How science is changing the map of the Middle East

The official opening of SESAME (Synchrotron-light for Experimental Science and Applications in the Middle East) moves scientific research forward significantly in the region.

May 11, 2017 20:45
3 minute read.
THIRD GENERATION light sources will enable the study of properties of human cells, atoms and will be

THIRD GENERATION light sources will enable the study of properties of human cells, atoms and will become important tools for research.. (photo credit: REUTERS)


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After 15 years of planning and construction, a visionary intergovernmental scientific research center is about to open its doors, in Jordan on Tuesday.

The official opening of SESAME (Synchrotron-light for Experimental Science and Applications in the Middle East) moves scientific research forward significantly in the region.

This is also a giant step forward for science diplomacy, and the fulfillment of many hopes and dreams shared on a day in June 1999 when a few pioneers met at UNESCO to launch the first world-class research laboratory for the Middle East.

Over the last two decades, SESAME brought together neighbors that have their share of political and cultural differences – Cyprus, Egypt, Iran, Israel, Jordan, Pakistan, the Palestinian Authority and Turkey, and a number of observers, all working together, leaving their divisions aside for the advancement of science.

SESAME is succeeding thanks to the enthusiasm of its staff and members, and support from the Royal Court of Jordan, the governments of Jordan, Israel and Turkey, which provided much needed additional funding, Germany which donated the Berlin Synchrotron BESSY I, the IAEA, the European Union, CERN, Italy and many more.

SESAME is not only an encouraging demonstration of the will to collaborate across divides – it is an advanced scientific project whose construction and operation is building technical and scientific capacity in the region, and is already helping to stem and reverse the brain drain. After scientists were invited to submit proposals to use SESAME, 55 were received within a few weeks, showing that a new generation of researchers is ready to grasp the opportunities that the facility offers.

SESAME is a third-generation light source. Light sources are giant flash lamps coupled to powerful microscopes.

They are used to study the properties of materials from the scale of human cells down to atoms, and have become important tools for research in subjects ranging from medicine and biology, through materials science, physics and chemistry to healthcare, the environment and archeology.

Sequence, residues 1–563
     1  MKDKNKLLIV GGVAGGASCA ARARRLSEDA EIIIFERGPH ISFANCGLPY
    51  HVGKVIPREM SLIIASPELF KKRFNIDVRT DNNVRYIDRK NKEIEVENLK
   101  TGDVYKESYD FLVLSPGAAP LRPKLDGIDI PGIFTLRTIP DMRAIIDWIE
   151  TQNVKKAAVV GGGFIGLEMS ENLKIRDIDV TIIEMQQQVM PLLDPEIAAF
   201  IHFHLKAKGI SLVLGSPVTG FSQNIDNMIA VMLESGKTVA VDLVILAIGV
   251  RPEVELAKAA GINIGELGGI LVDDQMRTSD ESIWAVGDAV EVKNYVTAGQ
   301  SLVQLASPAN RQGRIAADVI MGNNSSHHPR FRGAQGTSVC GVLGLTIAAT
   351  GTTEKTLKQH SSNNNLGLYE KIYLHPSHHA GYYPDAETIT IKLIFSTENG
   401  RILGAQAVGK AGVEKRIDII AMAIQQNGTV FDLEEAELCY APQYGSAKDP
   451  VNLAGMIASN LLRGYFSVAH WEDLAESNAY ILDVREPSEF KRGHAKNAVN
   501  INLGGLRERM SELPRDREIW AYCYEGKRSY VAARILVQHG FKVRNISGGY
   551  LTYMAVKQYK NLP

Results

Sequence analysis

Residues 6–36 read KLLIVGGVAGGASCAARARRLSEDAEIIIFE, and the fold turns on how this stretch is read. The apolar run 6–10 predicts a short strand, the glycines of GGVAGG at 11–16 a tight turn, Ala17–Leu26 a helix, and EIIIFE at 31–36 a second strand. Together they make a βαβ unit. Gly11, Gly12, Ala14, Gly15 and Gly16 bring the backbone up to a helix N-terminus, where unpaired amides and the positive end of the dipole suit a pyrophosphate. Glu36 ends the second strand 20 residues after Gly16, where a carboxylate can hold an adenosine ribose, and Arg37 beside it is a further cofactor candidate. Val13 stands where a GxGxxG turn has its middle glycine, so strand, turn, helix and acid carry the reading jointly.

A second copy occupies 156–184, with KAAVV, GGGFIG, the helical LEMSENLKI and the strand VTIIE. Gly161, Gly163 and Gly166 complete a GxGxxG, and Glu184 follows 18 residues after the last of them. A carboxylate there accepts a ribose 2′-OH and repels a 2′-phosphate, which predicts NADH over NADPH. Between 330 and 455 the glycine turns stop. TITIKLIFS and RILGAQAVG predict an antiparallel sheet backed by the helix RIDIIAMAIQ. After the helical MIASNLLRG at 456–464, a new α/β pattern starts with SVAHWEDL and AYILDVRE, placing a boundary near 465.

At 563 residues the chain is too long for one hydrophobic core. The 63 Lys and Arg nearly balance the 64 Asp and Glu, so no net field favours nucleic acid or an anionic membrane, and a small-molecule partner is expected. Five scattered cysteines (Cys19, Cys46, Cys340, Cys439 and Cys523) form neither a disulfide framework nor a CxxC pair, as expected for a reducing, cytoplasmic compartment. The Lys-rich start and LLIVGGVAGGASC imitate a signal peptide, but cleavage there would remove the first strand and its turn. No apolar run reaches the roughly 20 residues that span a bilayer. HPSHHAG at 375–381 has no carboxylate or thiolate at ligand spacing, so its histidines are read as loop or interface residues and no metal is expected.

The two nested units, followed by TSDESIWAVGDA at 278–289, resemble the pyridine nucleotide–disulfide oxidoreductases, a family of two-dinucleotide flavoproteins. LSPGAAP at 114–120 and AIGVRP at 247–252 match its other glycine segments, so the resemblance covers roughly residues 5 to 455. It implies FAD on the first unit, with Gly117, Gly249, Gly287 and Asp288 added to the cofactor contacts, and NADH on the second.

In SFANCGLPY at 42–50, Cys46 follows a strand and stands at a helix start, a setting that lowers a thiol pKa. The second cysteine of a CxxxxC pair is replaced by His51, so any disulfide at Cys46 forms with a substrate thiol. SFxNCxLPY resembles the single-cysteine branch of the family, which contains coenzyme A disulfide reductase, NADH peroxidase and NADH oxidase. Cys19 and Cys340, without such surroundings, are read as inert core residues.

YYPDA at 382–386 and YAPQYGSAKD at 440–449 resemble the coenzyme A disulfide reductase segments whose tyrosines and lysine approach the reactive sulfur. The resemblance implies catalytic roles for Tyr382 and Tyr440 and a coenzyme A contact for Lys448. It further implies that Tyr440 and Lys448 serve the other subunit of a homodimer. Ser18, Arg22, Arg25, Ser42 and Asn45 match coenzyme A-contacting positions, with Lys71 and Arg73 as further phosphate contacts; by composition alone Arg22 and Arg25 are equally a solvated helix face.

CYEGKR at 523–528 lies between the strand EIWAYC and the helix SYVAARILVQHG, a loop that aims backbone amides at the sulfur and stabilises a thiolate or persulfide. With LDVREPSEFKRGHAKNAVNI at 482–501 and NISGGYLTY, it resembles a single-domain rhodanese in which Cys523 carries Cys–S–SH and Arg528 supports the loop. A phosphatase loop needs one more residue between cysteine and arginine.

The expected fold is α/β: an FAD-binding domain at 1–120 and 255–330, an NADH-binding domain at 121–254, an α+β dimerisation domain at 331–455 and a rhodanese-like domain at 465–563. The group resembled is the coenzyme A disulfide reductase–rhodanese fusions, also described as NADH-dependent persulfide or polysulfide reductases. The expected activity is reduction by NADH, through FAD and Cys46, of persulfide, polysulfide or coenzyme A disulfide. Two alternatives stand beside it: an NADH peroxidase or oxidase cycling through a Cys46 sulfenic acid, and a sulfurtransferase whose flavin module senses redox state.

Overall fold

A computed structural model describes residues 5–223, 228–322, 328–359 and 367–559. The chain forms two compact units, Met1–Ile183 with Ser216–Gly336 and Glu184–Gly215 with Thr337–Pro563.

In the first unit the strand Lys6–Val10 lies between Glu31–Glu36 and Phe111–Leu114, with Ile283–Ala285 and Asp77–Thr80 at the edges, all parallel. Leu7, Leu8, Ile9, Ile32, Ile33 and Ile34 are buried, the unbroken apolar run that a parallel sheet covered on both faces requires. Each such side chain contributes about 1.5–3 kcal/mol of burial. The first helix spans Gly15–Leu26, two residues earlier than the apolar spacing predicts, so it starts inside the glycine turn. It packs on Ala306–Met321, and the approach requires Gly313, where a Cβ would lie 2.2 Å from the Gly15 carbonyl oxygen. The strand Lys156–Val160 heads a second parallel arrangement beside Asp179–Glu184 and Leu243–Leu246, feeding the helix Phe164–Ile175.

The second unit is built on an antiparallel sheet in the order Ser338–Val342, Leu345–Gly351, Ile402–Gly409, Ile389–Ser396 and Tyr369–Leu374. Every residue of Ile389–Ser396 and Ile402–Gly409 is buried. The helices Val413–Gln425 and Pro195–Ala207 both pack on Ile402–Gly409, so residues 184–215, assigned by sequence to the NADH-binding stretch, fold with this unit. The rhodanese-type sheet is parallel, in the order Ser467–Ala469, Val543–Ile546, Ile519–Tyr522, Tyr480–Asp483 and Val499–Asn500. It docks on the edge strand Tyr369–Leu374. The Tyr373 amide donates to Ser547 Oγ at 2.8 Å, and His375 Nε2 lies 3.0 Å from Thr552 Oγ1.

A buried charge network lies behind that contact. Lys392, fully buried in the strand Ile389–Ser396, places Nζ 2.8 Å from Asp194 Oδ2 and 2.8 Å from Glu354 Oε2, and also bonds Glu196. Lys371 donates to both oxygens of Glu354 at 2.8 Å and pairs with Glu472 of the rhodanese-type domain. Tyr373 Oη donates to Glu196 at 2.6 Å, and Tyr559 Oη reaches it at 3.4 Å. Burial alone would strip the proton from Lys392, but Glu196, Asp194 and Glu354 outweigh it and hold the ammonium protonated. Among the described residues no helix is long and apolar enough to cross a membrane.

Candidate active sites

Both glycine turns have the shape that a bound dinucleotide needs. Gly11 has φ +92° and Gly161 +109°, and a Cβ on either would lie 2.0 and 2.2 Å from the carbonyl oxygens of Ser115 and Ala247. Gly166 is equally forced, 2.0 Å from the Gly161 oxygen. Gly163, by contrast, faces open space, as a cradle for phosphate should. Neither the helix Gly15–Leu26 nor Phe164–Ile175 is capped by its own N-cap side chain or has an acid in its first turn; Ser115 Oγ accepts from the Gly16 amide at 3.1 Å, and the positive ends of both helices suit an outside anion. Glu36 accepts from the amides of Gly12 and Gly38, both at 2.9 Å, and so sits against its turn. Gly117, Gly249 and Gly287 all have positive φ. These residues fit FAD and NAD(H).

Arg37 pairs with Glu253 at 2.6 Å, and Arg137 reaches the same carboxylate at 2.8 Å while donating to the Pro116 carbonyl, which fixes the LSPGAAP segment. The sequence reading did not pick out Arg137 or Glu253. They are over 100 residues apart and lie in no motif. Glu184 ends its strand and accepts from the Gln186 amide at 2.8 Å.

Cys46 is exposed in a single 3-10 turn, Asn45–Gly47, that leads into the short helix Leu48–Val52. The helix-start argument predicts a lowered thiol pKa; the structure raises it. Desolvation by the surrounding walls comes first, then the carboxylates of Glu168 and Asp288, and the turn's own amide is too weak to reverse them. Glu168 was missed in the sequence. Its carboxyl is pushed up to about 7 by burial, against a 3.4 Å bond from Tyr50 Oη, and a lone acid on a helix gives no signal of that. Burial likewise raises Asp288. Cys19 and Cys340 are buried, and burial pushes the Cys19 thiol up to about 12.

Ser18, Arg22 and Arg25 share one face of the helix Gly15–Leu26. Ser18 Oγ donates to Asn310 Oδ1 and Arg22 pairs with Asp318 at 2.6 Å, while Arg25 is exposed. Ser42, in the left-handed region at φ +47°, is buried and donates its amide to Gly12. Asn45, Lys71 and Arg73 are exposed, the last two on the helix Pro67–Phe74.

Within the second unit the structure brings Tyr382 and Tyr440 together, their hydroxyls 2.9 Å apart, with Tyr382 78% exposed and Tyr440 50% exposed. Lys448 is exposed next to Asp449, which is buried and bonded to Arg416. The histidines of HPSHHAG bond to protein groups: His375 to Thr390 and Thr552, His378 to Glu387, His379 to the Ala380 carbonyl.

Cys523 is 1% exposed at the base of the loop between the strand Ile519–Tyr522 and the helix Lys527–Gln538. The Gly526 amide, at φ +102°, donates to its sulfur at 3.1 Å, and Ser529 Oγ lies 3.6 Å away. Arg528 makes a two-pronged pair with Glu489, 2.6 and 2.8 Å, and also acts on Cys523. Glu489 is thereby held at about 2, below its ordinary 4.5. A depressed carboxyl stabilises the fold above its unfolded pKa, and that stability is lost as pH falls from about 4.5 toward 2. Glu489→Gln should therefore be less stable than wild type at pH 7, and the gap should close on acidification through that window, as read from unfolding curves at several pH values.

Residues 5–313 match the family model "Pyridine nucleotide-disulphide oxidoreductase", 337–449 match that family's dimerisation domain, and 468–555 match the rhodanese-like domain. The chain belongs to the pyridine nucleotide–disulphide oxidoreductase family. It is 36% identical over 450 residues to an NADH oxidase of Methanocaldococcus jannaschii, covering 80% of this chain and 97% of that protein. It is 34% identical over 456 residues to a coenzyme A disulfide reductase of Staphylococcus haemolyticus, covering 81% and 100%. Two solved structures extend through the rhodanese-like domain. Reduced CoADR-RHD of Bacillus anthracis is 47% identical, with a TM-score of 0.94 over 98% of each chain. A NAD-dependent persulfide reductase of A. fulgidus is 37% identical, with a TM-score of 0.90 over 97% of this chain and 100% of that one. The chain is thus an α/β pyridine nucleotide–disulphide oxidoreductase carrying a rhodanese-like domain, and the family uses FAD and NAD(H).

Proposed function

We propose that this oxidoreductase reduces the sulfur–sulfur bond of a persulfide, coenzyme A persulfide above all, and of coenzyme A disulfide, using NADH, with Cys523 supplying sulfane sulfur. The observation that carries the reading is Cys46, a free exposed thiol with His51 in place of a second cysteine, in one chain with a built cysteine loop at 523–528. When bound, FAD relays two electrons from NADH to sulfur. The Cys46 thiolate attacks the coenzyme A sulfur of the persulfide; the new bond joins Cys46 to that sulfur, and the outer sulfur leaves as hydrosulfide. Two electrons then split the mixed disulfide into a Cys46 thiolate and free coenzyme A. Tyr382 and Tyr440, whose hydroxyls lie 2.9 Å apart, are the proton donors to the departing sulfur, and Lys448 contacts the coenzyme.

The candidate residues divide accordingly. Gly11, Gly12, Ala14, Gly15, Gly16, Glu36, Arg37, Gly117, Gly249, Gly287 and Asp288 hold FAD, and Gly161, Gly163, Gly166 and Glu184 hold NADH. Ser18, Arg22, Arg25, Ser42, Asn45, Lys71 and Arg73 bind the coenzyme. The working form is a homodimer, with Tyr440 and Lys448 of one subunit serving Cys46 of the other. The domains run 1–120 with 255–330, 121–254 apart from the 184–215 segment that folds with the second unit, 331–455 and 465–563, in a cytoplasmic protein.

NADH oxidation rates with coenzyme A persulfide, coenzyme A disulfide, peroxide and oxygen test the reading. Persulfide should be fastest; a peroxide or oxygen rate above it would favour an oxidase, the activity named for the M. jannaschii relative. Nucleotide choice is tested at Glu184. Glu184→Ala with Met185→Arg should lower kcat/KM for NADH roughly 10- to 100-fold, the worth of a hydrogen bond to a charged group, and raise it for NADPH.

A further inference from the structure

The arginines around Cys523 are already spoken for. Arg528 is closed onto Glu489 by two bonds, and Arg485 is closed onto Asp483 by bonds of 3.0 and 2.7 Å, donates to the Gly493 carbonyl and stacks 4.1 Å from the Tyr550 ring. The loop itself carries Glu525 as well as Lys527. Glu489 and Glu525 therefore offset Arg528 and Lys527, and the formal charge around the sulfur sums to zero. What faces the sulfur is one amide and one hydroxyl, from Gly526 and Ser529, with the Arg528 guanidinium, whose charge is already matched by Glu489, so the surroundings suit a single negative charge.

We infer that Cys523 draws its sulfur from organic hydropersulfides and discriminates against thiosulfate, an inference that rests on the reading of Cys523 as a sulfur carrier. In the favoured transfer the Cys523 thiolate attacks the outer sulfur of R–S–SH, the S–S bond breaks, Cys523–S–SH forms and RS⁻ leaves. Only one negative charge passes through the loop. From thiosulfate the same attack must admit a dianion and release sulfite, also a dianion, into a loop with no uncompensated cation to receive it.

SESAME is often compared to CERN, its elder European sister, also created after a UNESCO decision, in 1954. CERN was created, after the devastation of World War II, to make European particle physics competitive again and unite European countries around a common European institution. The story of SESAME shows that with the political backing of UNESCO, patience and hard work, a group of initially inexperienced young people from the region could build a world-class research facility. It is also the world’s first accelerator that will be powered solely by solar energy – times are changing indeed.

The story of SESAME is important to share with the world. At a time of turbulence and division, it is a stark reminder of the power of science and knowledge to bring people together.

This has never been more relevant.

As more and more people question the relevance of multilateralism, SESAME illustrates how decisive it is to protect the green shoots of such projects under an international umbrella against turbulences and skepticism.

When SESAME was conceived, it was realized that it was only with UNESCO’s help that it had any chance of becoming a reality. UNESCO nurtured the project and played a vital role in bringing it to the light of day.

Today, SESAME has grown up as an independent organization. SESAME still needs greater support and more funding. But we need also to start thinking about the next scientific centers, the CERNs and SESAMEs of tomorrow.

Irina Bokova is director-general of UNESCO.

Prof. Sir Chris Llewellyn Smith is president of the SESAME Council.

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